By Emma Peters, Market Development Coordinator

From start to finish, the Illinois Soybean Association (ISA) works to be involved in every step of soybean production. On April 22 and 23, I had the opportunity to accompany a group of Korean grain buyers as they took a deep dive into the export supply chain of soybeans and soy products.

Joining the International Grains Program (IGP) Supply Chain Expedition, we saw the business, logistics, and industry sides of soybean exports. A meeting with the CME Group in Chicago gave a glimpse into the robust business of agricultural trade. The CME group serves as a leader in agriculture futures and options markets with a diverse set of offerings serving customers around the world. Agricultural marketing is a vital part of a farmer’s livelihood as it moves commodities from the producer to the consumer. According to CME, futures and options are two different ways of marketing, “A futures contract is a legally binding agreement to buy or sell a standardized asset on a specific date or during a specific month. An option on a futures contract is the right, but not the obligation, to buy or sell the underlying futures contract at a predetermined price on or before a given date in the future.” These two forms of marketing help to mitigate some of the price risk associated with buying and selling commodities.

The second stop brought the group to Plus 500 for a meeting with Cunningham Commodities and Advanced Trading Inc (ATI). Cunningham Commodities is one of roughly 25 Futures Commission Merchants (FCM) left taking orders for those wishing to buy or sell futures and options trading 5 to 6 billion bushels annually. ATI is an Independent Commodity Brokerage Firm that analyzes agricultural markets and provides risk management services to its customers.

The following day, we visited DeLong in Joliet for a tour of their processing and loading facilities. With 30-plus years of practice, their knowledge and management practices allow them to maintain a strong relationship with those they work with. Both on the DDG and soybean side of their business, they deliver quality and consistency to their customers. Specifically on the soybean side, they manage both conventional and non-GMO beans and can load between 500 and 700 containers per day. While they practice just-in-time shipping, they have the capacity to store 15,000 metric tons, whereas beans would spend 2 to 3 days on-site. Their newly built processing facility allows them to clean or separate soybeans to various specifications of the buyer for non-GMO, food-grade, clean, or conventionally grown soybeans, with real-time samples being taken for each container that leaves their facility.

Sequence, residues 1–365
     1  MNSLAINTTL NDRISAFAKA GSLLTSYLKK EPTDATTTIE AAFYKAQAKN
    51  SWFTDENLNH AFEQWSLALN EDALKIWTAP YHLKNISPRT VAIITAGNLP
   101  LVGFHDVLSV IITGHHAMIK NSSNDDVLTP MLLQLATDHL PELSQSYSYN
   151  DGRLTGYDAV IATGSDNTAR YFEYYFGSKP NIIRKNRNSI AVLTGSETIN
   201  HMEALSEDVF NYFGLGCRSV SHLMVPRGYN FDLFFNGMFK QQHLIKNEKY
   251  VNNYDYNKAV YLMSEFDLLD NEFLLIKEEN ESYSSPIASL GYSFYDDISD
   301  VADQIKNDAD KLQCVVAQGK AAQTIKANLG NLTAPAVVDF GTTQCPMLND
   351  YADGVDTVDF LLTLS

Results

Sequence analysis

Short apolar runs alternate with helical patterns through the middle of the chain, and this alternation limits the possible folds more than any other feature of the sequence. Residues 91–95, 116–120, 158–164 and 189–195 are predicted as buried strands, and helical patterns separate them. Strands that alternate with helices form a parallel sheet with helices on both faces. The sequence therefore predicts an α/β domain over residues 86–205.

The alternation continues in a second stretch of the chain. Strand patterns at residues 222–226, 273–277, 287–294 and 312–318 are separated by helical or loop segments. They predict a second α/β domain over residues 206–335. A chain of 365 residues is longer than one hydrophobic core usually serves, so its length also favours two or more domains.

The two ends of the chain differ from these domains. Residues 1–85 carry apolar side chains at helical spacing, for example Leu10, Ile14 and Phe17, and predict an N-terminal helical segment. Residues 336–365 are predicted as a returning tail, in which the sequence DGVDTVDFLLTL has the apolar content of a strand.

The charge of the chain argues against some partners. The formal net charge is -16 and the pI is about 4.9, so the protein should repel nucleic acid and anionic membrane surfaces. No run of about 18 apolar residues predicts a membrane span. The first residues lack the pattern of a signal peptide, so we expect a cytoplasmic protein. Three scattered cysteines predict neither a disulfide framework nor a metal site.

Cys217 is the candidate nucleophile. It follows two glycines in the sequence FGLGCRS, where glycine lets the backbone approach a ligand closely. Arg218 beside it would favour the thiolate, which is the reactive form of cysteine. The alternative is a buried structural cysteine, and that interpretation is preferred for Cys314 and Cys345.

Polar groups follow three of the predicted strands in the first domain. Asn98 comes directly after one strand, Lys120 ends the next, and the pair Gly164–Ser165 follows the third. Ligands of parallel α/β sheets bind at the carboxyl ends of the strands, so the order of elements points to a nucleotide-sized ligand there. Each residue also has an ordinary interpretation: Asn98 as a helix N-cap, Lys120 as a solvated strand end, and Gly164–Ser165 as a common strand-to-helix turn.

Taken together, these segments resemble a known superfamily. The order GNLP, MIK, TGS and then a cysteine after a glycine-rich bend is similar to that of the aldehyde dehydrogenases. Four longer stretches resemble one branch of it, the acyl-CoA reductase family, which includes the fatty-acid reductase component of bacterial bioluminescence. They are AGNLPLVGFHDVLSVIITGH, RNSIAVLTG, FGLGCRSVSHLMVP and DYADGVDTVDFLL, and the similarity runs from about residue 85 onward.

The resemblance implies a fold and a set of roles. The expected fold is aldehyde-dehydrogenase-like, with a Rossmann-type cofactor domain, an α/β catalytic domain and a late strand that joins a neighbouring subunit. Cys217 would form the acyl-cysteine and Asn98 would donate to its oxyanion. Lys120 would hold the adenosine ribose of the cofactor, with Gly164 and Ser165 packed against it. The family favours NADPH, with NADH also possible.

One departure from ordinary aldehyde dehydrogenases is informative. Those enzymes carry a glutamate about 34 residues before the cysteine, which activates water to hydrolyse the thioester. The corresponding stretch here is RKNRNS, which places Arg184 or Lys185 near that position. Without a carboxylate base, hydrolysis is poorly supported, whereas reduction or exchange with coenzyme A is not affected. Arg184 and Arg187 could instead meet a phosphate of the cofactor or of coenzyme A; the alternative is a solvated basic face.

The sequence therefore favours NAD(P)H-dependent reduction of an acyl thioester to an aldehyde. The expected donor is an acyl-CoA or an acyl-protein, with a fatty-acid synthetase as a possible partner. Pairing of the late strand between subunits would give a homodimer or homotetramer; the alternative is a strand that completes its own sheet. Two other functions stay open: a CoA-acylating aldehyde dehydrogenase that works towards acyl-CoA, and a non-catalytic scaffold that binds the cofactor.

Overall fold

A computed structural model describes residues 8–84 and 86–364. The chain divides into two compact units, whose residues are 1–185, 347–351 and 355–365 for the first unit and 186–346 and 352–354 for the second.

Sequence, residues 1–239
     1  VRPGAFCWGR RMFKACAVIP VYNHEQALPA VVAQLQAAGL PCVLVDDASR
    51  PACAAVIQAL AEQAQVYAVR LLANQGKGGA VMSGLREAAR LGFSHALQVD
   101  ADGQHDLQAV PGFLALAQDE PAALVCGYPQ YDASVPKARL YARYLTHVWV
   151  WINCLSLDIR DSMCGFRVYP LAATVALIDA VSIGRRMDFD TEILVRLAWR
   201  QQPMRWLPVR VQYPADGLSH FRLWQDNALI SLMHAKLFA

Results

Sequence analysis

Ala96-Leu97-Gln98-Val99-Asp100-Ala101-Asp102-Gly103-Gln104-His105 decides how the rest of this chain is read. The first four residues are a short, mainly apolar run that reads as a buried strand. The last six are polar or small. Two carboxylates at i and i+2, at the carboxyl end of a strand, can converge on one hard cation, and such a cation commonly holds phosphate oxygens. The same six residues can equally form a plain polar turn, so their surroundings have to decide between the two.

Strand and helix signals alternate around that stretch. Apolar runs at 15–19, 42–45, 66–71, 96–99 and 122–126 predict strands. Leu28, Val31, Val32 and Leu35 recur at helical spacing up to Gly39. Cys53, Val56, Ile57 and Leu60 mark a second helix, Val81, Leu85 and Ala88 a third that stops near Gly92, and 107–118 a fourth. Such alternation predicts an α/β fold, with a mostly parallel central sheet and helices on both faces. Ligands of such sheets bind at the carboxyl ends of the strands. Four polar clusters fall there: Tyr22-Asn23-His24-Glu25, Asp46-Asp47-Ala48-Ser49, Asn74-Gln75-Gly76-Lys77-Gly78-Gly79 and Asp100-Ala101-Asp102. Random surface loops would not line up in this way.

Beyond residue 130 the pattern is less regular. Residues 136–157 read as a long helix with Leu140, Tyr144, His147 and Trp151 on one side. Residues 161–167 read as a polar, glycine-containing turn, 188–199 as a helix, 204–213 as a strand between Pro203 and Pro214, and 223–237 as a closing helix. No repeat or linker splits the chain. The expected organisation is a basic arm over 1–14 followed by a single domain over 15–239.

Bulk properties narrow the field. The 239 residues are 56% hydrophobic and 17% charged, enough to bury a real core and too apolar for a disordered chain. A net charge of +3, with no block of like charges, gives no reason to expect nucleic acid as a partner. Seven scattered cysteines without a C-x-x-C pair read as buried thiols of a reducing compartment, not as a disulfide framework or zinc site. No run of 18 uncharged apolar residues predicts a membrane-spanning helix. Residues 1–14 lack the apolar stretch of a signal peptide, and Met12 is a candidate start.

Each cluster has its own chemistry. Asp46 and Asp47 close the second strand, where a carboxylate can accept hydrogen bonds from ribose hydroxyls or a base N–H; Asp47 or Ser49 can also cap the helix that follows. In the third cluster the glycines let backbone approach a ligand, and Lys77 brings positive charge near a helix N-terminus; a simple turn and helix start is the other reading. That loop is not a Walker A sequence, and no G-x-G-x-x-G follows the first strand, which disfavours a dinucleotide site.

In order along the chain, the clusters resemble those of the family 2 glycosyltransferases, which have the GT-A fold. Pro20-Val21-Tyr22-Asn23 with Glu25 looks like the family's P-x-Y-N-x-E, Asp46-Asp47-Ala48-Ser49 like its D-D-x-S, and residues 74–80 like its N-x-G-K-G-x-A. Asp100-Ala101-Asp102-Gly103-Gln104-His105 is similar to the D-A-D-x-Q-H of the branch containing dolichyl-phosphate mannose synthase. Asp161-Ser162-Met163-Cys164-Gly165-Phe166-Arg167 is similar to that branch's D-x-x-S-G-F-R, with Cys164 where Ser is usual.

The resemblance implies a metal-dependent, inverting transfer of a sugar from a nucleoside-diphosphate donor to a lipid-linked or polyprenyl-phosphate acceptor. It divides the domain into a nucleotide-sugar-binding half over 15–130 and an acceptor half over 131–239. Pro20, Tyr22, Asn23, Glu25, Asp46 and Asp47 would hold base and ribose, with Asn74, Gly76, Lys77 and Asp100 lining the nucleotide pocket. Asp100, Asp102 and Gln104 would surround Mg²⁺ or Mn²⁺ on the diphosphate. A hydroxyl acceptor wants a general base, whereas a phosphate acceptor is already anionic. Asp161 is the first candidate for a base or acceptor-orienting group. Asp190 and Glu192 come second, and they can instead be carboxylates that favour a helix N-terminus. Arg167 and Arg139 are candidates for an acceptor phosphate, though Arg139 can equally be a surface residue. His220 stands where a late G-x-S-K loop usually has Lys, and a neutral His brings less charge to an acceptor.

The next stop took us to Marquis Energy with a tour of their ethanol plant and the future site of their soybean crushing facility. Marquis is committed to sustainability and positioned for growth. They are dedicated to producing a sustainable ethanol product and becoming self-sufficient in their energy use and production. Processing around 380,000 bushels of corn, they export up to 60 percent of the ethanol produced and nearly all the DDG by-products. However, the outlook for soybeans holds promise with plans to crush 4000 metric tons of soybean meal per day as they hope to open the new facility in 2026.

Our last stop of the day was a visit to the farm ISA Board Member, Jim Martin. The group of Korean grain buyers, throughout the day, were able to see every aspect of soybean production. With a farm visit during planting season, Jim highlighted his dedication to putting a high-quality seed in the ground and giving it the proper start to grow. He was able to walk the group through the farming cycle and showcase his passion for cultivating the ground. On these farm visits, ISA staff and the grower leaders can differentiate Illinois soybeans by building relationships and putting a face behind the products they buy.

Throughout this portion of the IGP Supply Chain Expedition, ISA participated in valuable conversations with buyers from one of our top markets. By making personal connections and visiting an Illinois farm, these buyers learned and visualized the advantages of Illinois-grown soy and our farmers’ commitment to sustainability and quality.

Published On: May 16, 2024Categories: Bean There Blog, Latest NewsTags: , ,

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